Susan was probably at the lowest point of her life last winter. She had just broken up with an abusive boyfriend and spoke frequently of suicide. In consultation with her psychiatrist, her family doctor as well as another therapist with whom she had worked for more than 25 years, it seemed that a hospitalization was imminent. Reluctantly, I too felt that working with her on an outpatient basis at that time was not going to be enough. Susan had recently started taking another antidepressant which did not help – as had many she had taken in the past. She took time off from her job and we talked about the need for her disability. Her family doctor wrote a long letter to disability stating that he believed Susan would never be able to work again.


Susan and I researched and discovered a South Florida community that had received rave reviews from residents and the media. It looked like a 50+ adult resort. There were clubs, churches, synagogues and sports of all kinds. People could dance day and night and connect. It looked like paradise. I kind of convinced Susan to visit this Adult Disneyland. She reluctantly agreed. A few days after she left, she called me and asked if I thought she should buy a house in the community. The idea seemed absurd. Where was it?

It’s been six months since Susan left her Upper East Side apartment for Florida. She bought a house and made friends. For the first time in her life, she met people who truly cared about her well-being. She goes to the gym every day, attends a variety of classes, has taken up gardening, and is slowly beginning to feel a sense of calm. She no longer has toxic people in her life. Her depression is slowly rising. She takes no medication and obviously does not need to be hospitalized. Although she is still on disability, I believe that if she continues to live her life in a way that is in her best interest as she has done, she will be able to work again in the near future.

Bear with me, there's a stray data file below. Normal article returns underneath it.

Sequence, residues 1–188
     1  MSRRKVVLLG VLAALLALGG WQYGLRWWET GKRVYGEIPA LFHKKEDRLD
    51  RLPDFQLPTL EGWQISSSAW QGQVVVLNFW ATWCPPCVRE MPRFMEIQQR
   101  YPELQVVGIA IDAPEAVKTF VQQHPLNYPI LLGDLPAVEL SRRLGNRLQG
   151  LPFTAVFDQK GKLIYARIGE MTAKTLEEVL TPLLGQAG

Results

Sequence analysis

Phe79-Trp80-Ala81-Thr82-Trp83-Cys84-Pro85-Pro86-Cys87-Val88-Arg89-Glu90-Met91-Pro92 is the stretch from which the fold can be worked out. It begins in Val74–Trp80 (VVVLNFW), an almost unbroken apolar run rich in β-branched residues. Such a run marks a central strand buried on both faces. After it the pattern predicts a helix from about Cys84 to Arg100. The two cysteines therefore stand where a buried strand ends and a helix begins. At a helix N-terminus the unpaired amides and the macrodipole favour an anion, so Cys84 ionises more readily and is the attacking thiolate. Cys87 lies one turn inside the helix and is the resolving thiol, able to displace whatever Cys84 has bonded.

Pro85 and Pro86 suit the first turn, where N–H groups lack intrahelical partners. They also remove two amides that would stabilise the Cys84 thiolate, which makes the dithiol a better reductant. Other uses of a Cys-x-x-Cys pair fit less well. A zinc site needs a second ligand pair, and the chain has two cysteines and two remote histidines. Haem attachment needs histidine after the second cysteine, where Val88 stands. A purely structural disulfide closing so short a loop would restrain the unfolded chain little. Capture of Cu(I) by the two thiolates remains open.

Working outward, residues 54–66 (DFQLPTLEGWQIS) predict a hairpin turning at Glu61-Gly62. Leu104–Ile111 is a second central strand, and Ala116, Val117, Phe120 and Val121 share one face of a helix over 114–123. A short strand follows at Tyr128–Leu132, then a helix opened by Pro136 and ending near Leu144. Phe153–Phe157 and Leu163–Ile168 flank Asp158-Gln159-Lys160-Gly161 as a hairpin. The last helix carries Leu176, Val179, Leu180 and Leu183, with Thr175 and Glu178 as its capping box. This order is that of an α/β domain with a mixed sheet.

So what is the moral of this story? Yes, some people need medication and hospitalization. And yet, what I have discovered over the past 35 years is that when people feel they are part of a tight-knit community, where human connection and purpose are valued, nurtured and encouraged, that type of environment can have incredible healing powers in ways that are unimaginable.

(Details have been edited to protect “Susan’s” identity.)


Visit, it’s an excellent national resource for anyone who has been sexually assaulted or abused.

Beatty Cohan, MSW, LCSW, AASECT is a nationally recognized psychotherapist, sex therapist, author of For Better for Worse Forever: Discover the Path to Lasting Love, national speaker, national radio and television expert guest, and host of the weekly “Ask Beatty Show” on the Progressive Radio Network. She has a private practice in New York and East Hampton.

Beatty would love to hear from you. You can send your questions and comments to him at [email protected]. For more information, visit